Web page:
Publication details for Professor Chris ScarreBailiff, I.K., Scarre, C.J. & French, C.A. (2014). Application of luminescence dating and geomorphological analysis to the study of landscape evolution, settlement and climate change on the Channel Island of Herm. Journal of Archaeological Science 41: 890-903.
- Publication type: Journal Article
- ISSN/ISBN: 0305-4403
- DOI: 10.1016/j.jas.2013.10.014
- Keywords: Luminescence dating, Geomorphological analysis, Island archaeology, Climate change.
- Further publication details on publisher web site
- Durham Research Online (DRO) - may include full text
Author(s) from Durham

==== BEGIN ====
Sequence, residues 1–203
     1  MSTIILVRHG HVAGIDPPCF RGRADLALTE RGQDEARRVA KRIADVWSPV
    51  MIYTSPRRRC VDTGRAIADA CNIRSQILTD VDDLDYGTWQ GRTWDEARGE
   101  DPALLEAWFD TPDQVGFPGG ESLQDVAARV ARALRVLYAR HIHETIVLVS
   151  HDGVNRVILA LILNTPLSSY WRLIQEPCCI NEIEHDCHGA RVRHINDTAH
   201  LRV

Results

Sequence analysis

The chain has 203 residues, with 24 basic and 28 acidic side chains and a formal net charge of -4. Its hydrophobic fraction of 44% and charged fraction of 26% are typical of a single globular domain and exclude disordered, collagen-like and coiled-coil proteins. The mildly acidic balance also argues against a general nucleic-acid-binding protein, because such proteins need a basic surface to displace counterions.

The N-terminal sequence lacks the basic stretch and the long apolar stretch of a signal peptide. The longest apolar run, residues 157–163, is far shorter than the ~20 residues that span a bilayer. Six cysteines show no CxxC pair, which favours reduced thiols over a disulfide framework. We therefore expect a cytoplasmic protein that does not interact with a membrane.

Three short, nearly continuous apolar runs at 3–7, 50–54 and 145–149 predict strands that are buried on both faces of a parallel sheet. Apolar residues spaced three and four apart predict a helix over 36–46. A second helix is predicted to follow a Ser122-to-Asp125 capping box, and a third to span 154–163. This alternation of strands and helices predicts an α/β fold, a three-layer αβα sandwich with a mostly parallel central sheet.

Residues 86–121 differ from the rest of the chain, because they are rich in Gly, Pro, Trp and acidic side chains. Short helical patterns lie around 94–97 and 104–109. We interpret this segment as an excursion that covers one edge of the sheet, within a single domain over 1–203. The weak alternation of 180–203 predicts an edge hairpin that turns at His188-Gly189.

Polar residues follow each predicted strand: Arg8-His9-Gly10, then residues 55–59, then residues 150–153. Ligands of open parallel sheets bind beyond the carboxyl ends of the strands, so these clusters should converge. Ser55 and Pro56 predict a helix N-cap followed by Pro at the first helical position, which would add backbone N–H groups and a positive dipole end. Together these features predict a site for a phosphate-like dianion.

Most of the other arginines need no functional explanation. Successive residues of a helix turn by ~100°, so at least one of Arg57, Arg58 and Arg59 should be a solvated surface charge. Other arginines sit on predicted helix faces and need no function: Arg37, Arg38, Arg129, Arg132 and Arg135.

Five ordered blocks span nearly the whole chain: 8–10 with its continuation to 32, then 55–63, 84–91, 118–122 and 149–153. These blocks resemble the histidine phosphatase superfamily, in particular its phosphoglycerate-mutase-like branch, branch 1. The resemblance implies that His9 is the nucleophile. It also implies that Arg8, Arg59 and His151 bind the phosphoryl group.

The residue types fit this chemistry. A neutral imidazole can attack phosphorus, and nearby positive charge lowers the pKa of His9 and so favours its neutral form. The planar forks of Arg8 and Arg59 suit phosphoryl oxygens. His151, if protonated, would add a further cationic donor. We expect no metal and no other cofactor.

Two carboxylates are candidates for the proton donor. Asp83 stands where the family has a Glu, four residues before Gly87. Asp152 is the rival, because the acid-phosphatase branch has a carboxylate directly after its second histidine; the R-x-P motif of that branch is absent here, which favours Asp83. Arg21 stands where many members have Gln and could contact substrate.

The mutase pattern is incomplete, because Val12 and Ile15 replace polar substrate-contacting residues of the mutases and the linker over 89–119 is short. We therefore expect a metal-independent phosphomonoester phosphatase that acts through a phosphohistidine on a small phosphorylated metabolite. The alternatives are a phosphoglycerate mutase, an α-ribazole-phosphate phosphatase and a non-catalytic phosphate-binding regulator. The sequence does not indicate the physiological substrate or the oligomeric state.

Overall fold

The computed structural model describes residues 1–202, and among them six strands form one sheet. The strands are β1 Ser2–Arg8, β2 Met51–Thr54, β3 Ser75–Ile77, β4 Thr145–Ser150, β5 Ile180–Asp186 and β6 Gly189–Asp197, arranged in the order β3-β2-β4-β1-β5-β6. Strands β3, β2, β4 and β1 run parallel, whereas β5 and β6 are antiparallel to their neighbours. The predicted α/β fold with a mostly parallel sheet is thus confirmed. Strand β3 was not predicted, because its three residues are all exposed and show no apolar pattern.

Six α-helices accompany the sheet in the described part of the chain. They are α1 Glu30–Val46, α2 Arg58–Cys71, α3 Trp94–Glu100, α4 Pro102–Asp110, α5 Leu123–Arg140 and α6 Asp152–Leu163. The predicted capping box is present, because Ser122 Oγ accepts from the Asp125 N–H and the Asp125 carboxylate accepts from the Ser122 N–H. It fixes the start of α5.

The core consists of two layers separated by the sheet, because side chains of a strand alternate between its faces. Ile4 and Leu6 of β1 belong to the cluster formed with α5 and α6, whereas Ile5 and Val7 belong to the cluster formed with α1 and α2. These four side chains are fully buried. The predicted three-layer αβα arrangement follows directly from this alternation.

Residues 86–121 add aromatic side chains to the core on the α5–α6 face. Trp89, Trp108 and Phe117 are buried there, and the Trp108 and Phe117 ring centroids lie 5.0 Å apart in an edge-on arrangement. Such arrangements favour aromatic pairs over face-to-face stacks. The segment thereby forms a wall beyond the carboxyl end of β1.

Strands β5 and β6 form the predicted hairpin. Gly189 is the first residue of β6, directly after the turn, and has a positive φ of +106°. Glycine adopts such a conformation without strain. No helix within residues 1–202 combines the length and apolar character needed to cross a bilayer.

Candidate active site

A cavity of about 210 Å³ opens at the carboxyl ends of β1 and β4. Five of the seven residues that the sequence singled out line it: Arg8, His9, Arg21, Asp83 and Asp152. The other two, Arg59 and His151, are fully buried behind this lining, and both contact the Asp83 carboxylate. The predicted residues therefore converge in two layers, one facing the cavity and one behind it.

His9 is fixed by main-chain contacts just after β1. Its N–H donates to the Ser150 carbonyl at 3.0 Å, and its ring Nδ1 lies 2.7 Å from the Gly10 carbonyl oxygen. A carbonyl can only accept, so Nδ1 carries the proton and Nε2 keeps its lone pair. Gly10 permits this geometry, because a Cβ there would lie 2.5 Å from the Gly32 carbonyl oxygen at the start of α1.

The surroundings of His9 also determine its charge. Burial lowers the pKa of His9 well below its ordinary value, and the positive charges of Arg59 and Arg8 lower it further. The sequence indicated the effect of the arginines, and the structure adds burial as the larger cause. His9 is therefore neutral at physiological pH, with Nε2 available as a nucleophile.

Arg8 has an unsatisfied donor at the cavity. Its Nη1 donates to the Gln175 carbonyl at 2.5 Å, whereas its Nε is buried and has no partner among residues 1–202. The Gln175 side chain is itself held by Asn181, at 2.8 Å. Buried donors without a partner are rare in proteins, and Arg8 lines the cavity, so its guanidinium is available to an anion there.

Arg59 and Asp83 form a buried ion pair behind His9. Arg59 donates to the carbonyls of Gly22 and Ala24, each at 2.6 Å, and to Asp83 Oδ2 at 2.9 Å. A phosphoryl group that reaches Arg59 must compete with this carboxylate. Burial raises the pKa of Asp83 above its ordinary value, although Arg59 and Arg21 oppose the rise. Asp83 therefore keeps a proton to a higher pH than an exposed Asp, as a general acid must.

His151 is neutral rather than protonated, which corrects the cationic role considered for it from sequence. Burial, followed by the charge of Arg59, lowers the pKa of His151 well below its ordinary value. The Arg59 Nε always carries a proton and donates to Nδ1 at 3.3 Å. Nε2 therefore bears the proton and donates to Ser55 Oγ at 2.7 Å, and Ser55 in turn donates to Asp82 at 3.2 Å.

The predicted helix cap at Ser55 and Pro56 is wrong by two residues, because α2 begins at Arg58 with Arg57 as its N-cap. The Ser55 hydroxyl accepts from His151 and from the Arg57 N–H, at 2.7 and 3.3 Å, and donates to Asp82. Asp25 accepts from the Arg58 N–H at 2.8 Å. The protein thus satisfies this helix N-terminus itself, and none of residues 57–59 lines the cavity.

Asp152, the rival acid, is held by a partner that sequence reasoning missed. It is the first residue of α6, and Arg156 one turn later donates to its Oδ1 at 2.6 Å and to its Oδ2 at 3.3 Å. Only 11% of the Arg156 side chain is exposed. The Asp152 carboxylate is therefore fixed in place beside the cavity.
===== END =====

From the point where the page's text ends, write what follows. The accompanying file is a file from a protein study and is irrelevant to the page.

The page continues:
The optically stimulated luminescence (OSL) dating of sands and palaeosol horizons, sampled as part of an archaeological investigation and supported by geomorphological analysis, has been applied to identify critical stages in the development of the landscape on Herm, one of the Channel Islands that lies off the coast of Guernsey, on which megalithic monuments were constructed during the Neolithic period. In particular, there were three phases of significant aeolian activity during the prehistoric period, the onsets dated by OSL in this study to ca 4, 3 and 2.3 ka ago, where the first phase marked a significant change in the long term trend of aggradation of soils that persisted during the next two millennia. OSL ages were also obtained for palaeosols in which there was evidence of ploughing, placing this activity in the late 2nd millennium BC and the 4th and 13th centuries AD. The OSL ages for basal deposits of dune sands that cover the northern part of the island indicate that they were formed by phases of intense aeolian activity during the medieval period, commencing in the 13th century AD and continuing for several hundred years, which can be correlated with documented high intensity storms in the North Atlantic within the period 13th–15th centuries AD. The phases of significant aeolian activity dated by OSL to ca 4 and 2 ka ago can be linked with those detected in different regions of the North Atlantic coastal areas. The availability of chronologies for aeolian horizons provides a valuable tool in the study of the evolution of coastal landscape and how past coastal communities responded to climate change.